That night at packet pickup I ran into last years Champion and friend Tom Brennan who I hadn't seen in a couple of years. We asked each other how each had been? Talked about the course and what to expect the next morning. He had told me he had been having some issues with sciatica and that he wasn't sure how the race was going to go for him. I knew though that even a Tom at 80 percent was still going to put up a pretty solid performance. I told him my plan of a 4:20 and suggested that maybe we could work together for the first half of the race. It was starting to get dark out though and my wife and I still hadn't had dinner yet. So I said goodbye to Tom and Jessica and I headed back to town to grab a bite to eat before heading back to the hotel.
Race morning came and after getting a pretty good nights sleep I was up before the alarm went off. I went through my race morning ritual where I talk to my shoes and tell them what I expect from them for the day. Though having a long season under their soles the reluctantly agreed to give me everything they had left in them. With that out of the way I loaded up the best minivan money can buy and we started heading south to the start of the race.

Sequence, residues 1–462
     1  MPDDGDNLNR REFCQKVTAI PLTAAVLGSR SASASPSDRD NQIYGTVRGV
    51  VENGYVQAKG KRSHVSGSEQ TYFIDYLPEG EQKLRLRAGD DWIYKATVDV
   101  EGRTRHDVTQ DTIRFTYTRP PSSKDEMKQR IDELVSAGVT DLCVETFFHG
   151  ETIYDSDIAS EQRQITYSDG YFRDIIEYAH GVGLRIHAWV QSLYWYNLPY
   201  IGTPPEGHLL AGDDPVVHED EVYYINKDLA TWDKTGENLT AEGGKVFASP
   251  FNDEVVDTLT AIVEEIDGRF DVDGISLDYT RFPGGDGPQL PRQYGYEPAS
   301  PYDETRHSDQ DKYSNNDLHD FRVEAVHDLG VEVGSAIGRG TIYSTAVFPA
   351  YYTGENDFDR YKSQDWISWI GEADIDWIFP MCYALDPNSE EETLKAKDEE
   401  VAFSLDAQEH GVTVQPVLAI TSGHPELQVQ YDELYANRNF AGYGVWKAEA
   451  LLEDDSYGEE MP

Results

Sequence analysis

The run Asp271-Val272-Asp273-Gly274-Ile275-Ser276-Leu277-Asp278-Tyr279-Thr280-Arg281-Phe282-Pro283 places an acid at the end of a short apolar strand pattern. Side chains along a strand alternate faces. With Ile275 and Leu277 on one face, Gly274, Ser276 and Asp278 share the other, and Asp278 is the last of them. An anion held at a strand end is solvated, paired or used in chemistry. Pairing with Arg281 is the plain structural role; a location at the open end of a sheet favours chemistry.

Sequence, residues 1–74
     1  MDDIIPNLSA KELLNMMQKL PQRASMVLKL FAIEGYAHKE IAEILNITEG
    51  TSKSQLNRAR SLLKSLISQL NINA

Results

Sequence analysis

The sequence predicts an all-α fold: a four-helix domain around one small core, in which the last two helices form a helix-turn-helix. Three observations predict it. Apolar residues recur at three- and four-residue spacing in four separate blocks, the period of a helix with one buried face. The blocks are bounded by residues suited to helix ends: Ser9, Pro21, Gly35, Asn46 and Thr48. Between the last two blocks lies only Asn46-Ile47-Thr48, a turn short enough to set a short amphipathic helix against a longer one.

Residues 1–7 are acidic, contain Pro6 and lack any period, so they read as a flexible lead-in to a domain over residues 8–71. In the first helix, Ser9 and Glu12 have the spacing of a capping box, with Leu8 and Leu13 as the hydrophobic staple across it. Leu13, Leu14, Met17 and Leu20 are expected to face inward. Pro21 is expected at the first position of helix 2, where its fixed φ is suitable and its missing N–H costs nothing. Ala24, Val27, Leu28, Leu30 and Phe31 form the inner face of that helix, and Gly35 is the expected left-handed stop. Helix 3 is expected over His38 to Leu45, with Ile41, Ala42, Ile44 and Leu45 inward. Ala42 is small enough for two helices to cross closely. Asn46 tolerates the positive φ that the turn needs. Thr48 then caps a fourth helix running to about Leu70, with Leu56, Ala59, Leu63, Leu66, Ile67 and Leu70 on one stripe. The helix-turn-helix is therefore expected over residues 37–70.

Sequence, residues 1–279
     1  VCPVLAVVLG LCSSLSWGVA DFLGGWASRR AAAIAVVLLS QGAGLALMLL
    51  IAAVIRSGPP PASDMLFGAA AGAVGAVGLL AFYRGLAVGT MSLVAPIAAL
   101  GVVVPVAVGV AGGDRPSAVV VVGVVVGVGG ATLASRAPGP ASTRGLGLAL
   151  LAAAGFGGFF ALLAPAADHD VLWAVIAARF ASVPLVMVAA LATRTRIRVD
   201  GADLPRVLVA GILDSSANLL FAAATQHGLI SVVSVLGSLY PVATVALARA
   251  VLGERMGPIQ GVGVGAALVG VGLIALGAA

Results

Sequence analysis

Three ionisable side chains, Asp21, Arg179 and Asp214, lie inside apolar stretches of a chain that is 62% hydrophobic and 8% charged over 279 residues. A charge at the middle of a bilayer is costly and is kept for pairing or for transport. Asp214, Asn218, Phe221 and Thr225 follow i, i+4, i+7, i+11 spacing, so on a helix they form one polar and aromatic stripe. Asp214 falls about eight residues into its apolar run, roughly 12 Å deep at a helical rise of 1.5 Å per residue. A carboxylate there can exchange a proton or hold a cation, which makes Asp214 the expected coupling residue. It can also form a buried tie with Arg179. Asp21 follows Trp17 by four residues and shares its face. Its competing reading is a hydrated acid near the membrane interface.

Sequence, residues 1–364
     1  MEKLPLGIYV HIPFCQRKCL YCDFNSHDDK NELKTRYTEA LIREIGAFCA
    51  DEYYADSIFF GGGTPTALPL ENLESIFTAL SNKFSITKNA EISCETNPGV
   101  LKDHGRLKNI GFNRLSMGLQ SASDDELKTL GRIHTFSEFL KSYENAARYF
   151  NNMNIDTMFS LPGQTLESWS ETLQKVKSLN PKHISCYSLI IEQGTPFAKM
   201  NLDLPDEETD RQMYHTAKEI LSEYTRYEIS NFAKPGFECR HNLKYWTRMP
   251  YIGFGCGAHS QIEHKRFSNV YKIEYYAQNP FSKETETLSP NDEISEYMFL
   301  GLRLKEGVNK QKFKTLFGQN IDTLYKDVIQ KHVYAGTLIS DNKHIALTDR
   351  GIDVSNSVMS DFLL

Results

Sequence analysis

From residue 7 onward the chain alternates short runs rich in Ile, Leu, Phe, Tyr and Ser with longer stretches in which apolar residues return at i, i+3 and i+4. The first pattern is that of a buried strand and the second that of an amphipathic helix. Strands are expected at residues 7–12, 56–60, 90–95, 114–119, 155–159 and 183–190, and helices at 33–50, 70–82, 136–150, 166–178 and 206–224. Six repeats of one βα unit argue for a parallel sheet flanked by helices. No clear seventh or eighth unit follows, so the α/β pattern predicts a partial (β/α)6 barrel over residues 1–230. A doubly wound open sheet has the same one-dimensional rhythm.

We arrived to the start of the race to an amazing set up. It really was quite a production for such a relatively young event. I guess when you got that corporate money in your corner though anything is possible. I thought we had got there pretty early. Instead though the parking lot attendants ended up guiding us to a parking spot somewhere out on the back forty. After doing some last minute gear checks and throwing together a small bag of stuff I might need at the crew stop. We walked over to the pavilion at the starting line.
By the time we walked the quarter mile to the pavilion there were already hundreds of runners milling around the start. Doing last minute checks, number pinning and last minute bathroom stops. I followed suit and made one last pit stop. Then proceeded to pin my number.
I caught up again with Tom Brennan just before the start and both he and I started doing the 'ol checking out the competition routine. Since there wasn't an entrants list this was the only chance I had to get it in. Scoping out the crowd. Looking to see if there was anybody that we should be worried about. It didn't take long to figure out we were going to have a dogfight on our hands. About that time. Two long legged Kenyans made there way up to the front of the pack alongside Tom and I. Also up front with us was about a half dozen strapping young bucks who all looked as if they were All-American collegiate runners that could rip off a 2:20 marathon without a moments hesitation.